It’s hard for your four-legged feline to get any grip when the floor is wet. Also, your feline will want to stand on all fours when you are giving it a bath, which will result in your cat losing balance because the floor is slippery. You can prevent this from taking place by putting a non-slip mat/material at the bottom of the bathing floor.
  2. Wet the feet of your cat before giving it a bath
    You need to make sure your feline is comfortable with the temperature of water. Fill a tub or a bucket with water, until the depth is an inch or two. Gently take your feline and place its feet in the tub or bucket so that they get wet. If your feline doesn’t struggle during this process, you can praise it for being a good kitty. If your feline doesn’t like doing this, keep repeating the process daily, till it is comfortable.
  3. Praise the cat while gently pouring water on it
    Your feline needs to be calm and comfortable during bath time. Gently pour water on your feline while talking to it in a calm and loving tone. Don’t try to pour large amounts of water on your feline. After your feline has a bath, you need to wipe it down properly so that it is dry. Wrap your feline in a dry towel and cuddle with it.
  4. Don’t restrain your cat
    As much as possible, avoid restraining your feline, especially during bath time. Rather than remaining calm and composed, your feline will struggle and resist until it’s free. Instead, ensure your feline has control over its movements at all times. If you want to stop your feline from moving in a particular direction, block its path with your hand.
  5. Shower it with treats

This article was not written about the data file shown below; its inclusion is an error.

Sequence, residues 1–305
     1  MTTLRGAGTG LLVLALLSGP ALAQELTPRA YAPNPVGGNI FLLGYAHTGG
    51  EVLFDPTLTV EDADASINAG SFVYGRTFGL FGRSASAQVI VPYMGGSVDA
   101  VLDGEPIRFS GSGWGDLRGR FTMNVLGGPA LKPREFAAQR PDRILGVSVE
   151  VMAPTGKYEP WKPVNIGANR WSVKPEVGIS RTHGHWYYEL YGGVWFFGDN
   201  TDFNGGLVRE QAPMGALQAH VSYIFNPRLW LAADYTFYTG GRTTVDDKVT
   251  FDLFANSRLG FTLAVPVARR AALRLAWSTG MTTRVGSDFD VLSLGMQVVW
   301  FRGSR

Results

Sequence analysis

During the entire bathing process, you should reward your feline with treats for its good behavior. For example, if your feline doesn’t struggle when you wet its feet, give it a treat.

Use these simple tips so that your cat will enjoy taking baths. If you have any queries, feel free to leave a comment below.

August 15, 2017
by Lynn Merton
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Here Is How Slight Changes In A Dog’s Behaviour Could Mean A Red Flag

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Dogs often display several kinds of behaviours that are not desirable for owners, especially when they are sick, frightened or sense that something is not right. For example, they may whine, bark excessively, shake or run away. However, there are some behaviours which could be considered extreme, more so when these behaviours are displayed under fairly normal circumstances. Let us take a look at such behaviours.

Hiding, avoiding and shying away

It is important to note that mild hesitation to new people, places and things is normal. But if your dog is visibly uncomfortable in certain situations and repeatedly attempts to avoid or escape the situation entirely, it can indicate a serious fear of something he sees as a threat. You may often find him in his crate or in a corner in an attempt to hide. If not dealt with early, it could result in a much bigger problem like extreme aggression. Keep in mind to be gentle with your dog, and do not try to make him get out of hiding while what he perceives as a threat is still around. This may cause him to act aggressively even with you.

Unnecessarily aggressive